without Internet Explorer,
in 1280 x 960 resolution
...Grave. But a damn good try nonetheless. Paganizer is one of those new old school Swedish bands, playing the hearty mid-tempo death created by folks like the Entombed and the aforementioned Grave. While Paganizer does throw in some blast beats to set themselves apart, the blastbeats mostly sound awkward (except on the merciless first track). Paganizer is most at home letting out a mighty roar right before a big old Swedeath breakdown.
The vocals are cookie monster low, very much in the style of Jorgen Sandstrom, but perhaps with a little less variety. Speaking of Jorgen, he even appears on this album somewhere - but I have no idea which track it is on. Which should give you a clue as to how similar the two vocalists sound. The guitar tone is straight out of Entombedland, low and crunchy - essential to this type of music. The drummer seems most comfortable when laying down that driving, relentless groove - as I said before a lot of the faster parts sound loose and underpracticed. I get the feeling that later albums may find this band with a more precise blastbeat attack. The bass does its job in backing up the general heaviness.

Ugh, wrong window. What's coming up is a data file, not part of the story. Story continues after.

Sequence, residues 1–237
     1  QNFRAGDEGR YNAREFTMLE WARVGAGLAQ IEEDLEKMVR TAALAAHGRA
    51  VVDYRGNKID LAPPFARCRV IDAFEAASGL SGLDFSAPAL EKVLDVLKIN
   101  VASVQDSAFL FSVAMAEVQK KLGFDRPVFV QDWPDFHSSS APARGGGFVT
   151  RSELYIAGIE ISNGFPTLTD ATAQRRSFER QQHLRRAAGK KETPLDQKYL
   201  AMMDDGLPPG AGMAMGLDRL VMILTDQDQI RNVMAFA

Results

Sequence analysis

I must say that I like this band a LOT better than Ribspreader, whose tracks all sound the same. While DEAD UNBURIED does suffer from some repetition in its own right, there are certainly some standouts. "Even In Hell" has fast mixed in very well with slow - it is a great punch-in-the-face opener. The next track that catches my ear is "Napalm Burial," though it is not as good as the upcoming "Flesh Supremacy" - a true Swedeath masterpiece. "At Night They Come" is rad too, reminds me of "Scars" from SOULLESS. "Hateconsumed" is a good choice for a closing track - as a listener it always gives you a more favorable opinion of the album in general if the last song is deathtastic.
So for fans of bands like Kaamos or the old masters like Grave, this is an album for you. It has grown on me more and more since purchasing it, and despite some filler it does a fine job of victimizing the listener. I recommend spending a little more time on the lyrics (murder, death, kill, kill, death, murder, hate and pain, murder, etc.) and the placement of faster drum parts (or at least how the blasts sound over the guitars) to allow this album to stand up to the works of its predecessors.